Welcome to my less than perfect life!

Embracing the imperfections that make my life practically perfect in every way.

Thursday, April 17, 2014

I'm a writer?

Side note: if you didn't read that title to the tune of "I'm Ron Burgandy?" then you haven't seen Anchorman.  If you haven't see Anchorman, then you have missed out on some of the most hilarious moments of your life.  Stop reading this now, go watch the movie, then come back.  I'll wait.

Okay, so I know I write on here (sometimes), but I do not think of myself as a writer, per say.  Many of you are, well, real writers with real writing jobs and you also just happen to have blogs.  Me?  I'm just  a person who has a blog.  Just an online diary in which I blurt out thoughts and feelings about the world and such.  I enjoy writing, but does enjoying something make you good at it?  Does it buy you a ticket into the show?

I still don't know the answer to that, but I can tell you this:  I entered a writing contest.  My favorite magazine in the world, Real Simple (look to the right, they had their own label on my blog long before this post), has an annual contest called Life Lessons.  Each year, they assign a topic and readers can enter.  I've been reading this magazine for years (thanks to my awesome in-laws) and have seen the contest entries.  I've noted that sometimes the winners are previously published authors.  None of the topics has ever really moved me to try my hand at it, but this year, the topic was on the bravest thing you've ever done.  I knew immediately that I would write about saying goodbye to my son, a topic you are all familiar with here on this blog.  So, in September I wrote the essay and sent it off and didn't think much about it again.  I was proud of myself for entering and taking a risk.  I was vaguely aware in January that I figured they must have picked a winner by now (specific dates not being my strong front) and sort of said to myself, "okay, must not have placed, I'm sure they had lots of good entries".  

At the time, I was busy welcoming The Munchkin into the world.  We were busy in the best kind of way.  While we were at the hospital on The Munchkin's second day in the world, however, I got a call from an editor at Real Simple.  Turns out, they were running late on notifying people but I won!  I won a writing contest!  Me!  We could talk all day about the karmic timing of this little prize because I sure still needed some money for the adoption attorney, but the fact of the matter is, I put myself out there and it paid off.  

I guess in addition to letting you know my good news, I just want to encourage you all to go for it too.  What is it that you love to do but don't get paid for?  Writing?  Sewing?  Soap making?  Knitting?  Well, guess what?  Maybe you can!  I've spent years basically afraid of failure and got rewarded on the first try.  I know that makes me lucky but it feels like the universe telling me go for it.  And I'll bet you get the same message.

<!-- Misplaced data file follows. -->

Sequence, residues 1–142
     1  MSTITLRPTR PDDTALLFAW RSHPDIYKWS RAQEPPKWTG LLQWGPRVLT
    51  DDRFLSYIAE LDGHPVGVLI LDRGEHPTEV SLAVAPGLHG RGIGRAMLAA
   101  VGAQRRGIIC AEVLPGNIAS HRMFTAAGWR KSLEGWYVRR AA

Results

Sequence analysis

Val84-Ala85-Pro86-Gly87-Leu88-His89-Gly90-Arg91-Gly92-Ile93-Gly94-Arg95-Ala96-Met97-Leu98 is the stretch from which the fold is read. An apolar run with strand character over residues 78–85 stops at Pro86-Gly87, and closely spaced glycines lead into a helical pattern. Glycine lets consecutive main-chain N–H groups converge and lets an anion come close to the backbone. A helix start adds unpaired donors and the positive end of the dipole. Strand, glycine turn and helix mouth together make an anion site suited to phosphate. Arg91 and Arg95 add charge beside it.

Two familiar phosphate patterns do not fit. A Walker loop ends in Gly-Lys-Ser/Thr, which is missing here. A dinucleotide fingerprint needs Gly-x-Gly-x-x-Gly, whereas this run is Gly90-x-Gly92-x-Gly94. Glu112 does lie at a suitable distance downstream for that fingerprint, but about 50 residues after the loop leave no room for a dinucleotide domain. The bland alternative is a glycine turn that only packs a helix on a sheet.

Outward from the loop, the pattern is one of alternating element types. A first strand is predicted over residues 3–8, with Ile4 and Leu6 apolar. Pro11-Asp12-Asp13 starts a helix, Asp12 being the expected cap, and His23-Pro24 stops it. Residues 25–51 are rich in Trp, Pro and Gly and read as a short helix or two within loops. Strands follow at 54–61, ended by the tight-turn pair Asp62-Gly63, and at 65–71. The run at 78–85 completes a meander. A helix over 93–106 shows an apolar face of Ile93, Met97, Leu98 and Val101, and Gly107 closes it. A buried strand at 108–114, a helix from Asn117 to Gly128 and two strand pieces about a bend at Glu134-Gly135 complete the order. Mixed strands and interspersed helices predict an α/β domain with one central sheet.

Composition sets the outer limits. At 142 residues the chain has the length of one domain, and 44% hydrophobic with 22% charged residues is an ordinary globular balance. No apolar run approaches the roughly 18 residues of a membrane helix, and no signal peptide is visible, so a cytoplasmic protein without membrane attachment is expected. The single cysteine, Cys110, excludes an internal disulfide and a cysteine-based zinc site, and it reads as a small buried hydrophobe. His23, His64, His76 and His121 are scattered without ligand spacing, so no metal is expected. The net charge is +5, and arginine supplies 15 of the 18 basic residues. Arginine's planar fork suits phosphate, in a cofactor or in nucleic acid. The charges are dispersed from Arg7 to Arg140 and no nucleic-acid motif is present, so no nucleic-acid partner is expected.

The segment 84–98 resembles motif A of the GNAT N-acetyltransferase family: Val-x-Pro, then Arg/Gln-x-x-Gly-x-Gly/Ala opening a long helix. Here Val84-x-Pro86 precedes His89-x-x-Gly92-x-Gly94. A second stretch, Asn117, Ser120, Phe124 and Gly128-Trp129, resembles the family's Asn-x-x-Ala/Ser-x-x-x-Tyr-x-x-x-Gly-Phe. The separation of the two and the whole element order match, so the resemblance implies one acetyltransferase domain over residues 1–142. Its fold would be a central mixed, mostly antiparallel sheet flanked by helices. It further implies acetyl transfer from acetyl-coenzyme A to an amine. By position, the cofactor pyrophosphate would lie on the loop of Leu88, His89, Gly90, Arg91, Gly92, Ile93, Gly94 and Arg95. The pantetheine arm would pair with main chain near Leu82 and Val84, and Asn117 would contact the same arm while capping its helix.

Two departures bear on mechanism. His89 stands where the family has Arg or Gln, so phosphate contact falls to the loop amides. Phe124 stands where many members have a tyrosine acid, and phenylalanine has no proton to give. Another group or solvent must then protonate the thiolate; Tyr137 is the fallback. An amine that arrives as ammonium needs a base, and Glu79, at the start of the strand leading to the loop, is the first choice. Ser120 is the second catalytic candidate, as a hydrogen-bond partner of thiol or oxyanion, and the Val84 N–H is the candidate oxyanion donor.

If you care to read the article, you can read it here:

A version of it has been posted on this blog before.  If you care to read the magazine, well, you will never find yourself disappointed!

Tuesday, April 15, 2014

Why I Believe in Fairy Tales

I know a lot of women blame fairy tales for giving them unrealistic expectations of relationships.  Books and movies often portray a woman (admittedly, often helpless) who is swept away by a knight in shining armor and lives, well, happily ever after.  People claim that this doesn't exist, that roles are stereotypical, that happiness is a daily choice and that the whole thing is oversimplified.  Perhaps it is, but I think maybe they are looking with the wrong eyes.  Here is a glimpse into my personal happily ever after:

I have been home with the two kids all day by myself while The Mister is at work.  I am tired.  I am overwhelmed.  I am feeling, if I'm honest, pretty helpless and in need of saving.  I hear the garage door opening and know that my knight's steed is approaching.

The Mister enter's the castle, our home, and sees his fair maiden wilting under the pressure of motherhood.  He sweeps the baby from her arms and changes her diaper and feeds her a bottle.  Did you hear his chain mail clinking?

Once he has put the baby down for a nap, he takes the older child into the yard and plays ball with her. I am almost blinded by the glare of the sun on his armor.  This man who has worked hard all day and come home to find a puddle of goo in place of his wife does not pause for a shower, does not ask what he can have for his reward, but he saves me, rescues me from the dragon that motherhood can sometimes be, draws his sword against my fears and helps me push forward.

THAT is a fairy tale ending.  My knight may drive a four wheeled steed.  His armor may be disguised by a work uniform, but have not doubt, he is my hero, and every day, in a million little ways, he saves me and moves me toward our happily ever after.  Without him, I don't know where I would be or how I would do it.  I am so lucky that it really is like a fairy tale for me.